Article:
Golf is the only sport in which competitors are expected to call penalties on themselves. Recently, during a playoff at the 2016 Verizon Heritage tournament, Brian Davis called a penalty on himself because he disturbed a stray reed on his backswing in a red-staked hazard. The penalty cost him what would have been his first PGA Tour victory. At the Australian Open in 2007, Brandt Snedeker leaned over to remove a leaf. The ball moved. He called a penalty on himself and lost the tournament by one stroke. Given the prize money, that penalty cost Snedeker $200,000. Playing with a ball or club not approved by the PGA, signing a scorecard with an incorrect score on a hole, and hitting a moving putt have all been occasions when professional golfers have “turned themselves in” and, often, been disqualified as a result.
The most famous case of this sort was probably Bobby Jones who called a penalty on himself at the 1925 U.S. Open because he claimed that he saw (no one else did) his ball move. When asked why he had done so—when even tournament officials said there was no infraction—Jones replied: “You might as well praise me for not breaking into banks. There is only one way to play this game.”
Such examples reflect an ethical code that surrounds the game of golf. And, yet, amateurs fudge “the rules” all the time. Let us count the ways:
- The “gimme”—can be anywhere from a foot to a yard (despite the high incidence of missed putts that amateurs commit under pressure from these distances). Notwithstanding the times when “gimmes” are used to speed up play, more often than not they relieve the golfer of the pressure of having to make a short putt.
- Bumping the ball to improve the lie all year—an action technically allowed only in wet weather under “winter rules.”
- A putt is shooting past the hole and the golfer reaches over in a desultory way to tap it back toward the hole, even while it’s moving, with the false and self-serving assumption that it was going to be a “gimme” anyway. Often this “tap-in” isn’t recorded in the score for that hole. Or, if it is, the fact that the ball might have ended up 4 feet past the hole, with a tricky comeback putt, is ignored.
- A mulligan is announced suddenly, without the foursome having any prior agreement that mulligans are accepted.
- Red and yellow stake rules, rules for dropping off a cart path, playing unplayable lies, etc. are never learned, thus leading the golfer to make corrections and invent solutions that invariably lessen the penalties involved.
- Miscounting one’s number of strokes on a hole. This is much more common than most golfers will admit. One golfer admitted to us that he tended to put down a score that he thought he should have made on certain holes, not the one he actually made.
In all of these cases, the common psychological dynamic lies in the resistance many golfers have to facing reality. They play the hole and eke out a score that they think they should get rather than the one they really did get. I should –and more often than not do –make a 3-foot putt, and, so, if the ball is within 3 feet of the hole, I might as well consider it already successfully putted. But it hasn’t been putted. Such putts are part of the game, part of the reality of a round of golf.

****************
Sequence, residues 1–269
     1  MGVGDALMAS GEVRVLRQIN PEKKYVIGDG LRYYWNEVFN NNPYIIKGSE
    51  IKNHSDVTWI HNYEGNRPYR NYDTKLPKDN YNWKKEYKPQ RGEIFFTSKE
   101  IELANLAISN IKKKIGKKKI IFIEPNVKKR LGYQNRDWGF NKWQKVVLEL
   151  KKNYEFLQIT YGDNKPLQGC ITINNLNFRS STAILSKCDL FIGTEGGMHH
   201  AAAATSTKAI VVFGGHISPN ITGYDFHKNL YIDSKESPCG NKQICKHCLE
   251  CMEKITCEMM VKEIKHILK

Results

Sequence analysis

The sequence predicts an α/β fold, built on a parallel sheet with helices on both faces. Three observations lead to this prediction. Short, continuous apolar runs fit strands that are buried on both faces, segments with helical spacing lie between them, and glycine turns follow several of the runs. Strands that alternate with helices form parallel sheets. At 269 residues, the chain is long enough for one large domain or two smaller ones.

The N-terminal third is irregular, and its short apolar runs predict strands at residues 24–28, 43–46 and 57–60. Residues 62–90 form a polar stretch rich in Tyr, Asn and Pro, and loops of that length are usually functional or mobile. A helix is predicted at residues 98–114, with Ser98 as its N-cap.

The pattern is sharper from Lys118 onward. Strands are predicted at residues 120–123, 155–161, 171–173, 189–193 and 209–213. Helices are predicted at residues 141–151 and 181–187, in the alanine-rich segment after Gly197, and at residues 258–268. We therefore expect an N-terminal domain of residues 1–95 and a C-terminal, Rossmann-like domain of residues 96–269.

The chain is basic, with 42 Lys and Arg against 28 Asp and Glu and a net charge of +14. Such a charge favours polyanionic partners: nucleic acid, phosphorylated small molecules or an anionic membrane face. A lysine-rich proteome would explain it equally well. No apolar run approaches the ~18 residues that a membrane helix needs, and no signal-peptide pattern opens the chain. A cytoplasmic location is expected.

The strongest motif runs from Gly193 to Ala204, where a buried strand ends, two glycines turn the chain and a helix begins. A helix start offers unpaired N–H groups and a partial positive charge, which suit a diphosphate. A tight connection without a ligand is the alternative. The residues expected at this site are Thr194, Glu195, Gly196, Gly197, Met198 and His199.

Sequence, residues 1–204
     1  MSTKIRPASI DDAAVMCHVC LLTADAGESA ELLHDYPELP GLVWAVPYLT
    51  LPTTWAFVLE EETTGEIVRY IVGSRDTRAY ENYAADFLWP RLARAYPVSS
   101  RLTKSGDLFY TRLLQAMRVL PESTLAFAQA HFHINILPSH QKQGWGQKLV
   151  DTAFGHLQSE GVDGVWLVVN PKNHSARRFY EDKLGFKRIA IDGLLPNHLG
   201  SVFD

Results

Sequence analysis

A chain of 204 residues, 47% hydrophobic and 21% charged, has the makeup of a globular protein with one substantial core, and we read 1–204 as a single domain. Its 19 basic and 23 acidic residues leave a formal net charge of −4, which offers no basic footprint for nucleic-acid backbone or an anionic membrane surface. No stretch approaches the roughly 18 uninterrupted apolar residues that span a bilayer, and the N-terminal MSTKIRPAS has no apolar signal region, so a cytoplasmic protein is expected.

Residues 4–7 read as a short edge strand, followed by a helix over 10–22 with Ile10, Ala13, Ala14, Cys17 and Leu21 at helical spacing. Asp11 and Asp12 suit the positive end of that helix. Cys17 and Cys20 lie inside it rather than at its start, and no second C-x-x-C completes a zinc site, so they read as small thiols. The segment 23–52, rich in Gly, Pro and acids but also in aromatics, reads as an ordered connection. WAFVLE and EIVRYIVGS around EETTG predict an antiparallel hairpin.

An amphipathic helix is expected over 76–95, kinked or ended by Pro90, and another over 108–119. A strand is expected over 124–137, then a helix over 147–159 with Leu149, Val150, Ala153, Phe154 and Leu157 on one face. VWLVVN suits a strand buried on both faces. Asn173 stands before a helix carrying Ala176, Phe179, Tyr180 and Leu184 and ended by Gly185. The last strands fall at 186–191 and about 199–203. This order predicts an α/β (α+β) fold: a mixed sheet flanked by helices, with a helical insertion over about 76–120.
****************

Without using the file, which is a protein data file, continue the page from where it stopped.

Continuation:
“Gimmes” are a form of subterfuge, an end-run around reality.
The reality that such small acts of dishonesty disavow is the reality of imperfection, human frailty, and fate. And yet, reality is obdurate and can’t be denied without consequences. It’s too bad if your ball winds up in on a hard clay patch in the fairway, much less in a divot. In golf, we “play it as it lies.” We are expected to surrender to reality, not deny it.
Instead, too many of us object, we rail and protest, we feel that the universe, the golfing gods have been unfair to us. “I would have made it, so why not just give it to me?” Or, “Goddammitt—I’m in a divot,” we yell–making sure that everyone knows that we have an excuse for our next shot.
Unfortunately, the reality is that we are imperfect and not omnipotent.
Missed short putts, divots, and double bogeys happen, just as “life” happens. We age, lose loved ones, suffer romantic disappointments, get “downsized,” and live through natural disasters. Sometimes we shank the ball, miss a tap-in, or wind up in sand or water. These are all unpleasant realities with which human beings—including golfers—have to cope. Our attempts to deny them momentarily relieve our frustration, the “narcissistic injury” of life or fate not quite working out the way we want them to. We’re relieved, but at the cost of private feelings of fraudulence and a thinning sense of self-confidence.
Theologian Reinhold Niebuhr authored a prayer that 12 – step groups have been using for over 75 years. It goes: “God grant me the serenity to accept the things I cannot change; the courage to change the things I can; and the wisdom to know the difference.” We can get better at golf, but we will never be flawless playing it.
To the degree that golf captures the joys and sorrows of life, we might consider trying to just live life on its own terms and not magically pretend that we can control those terms.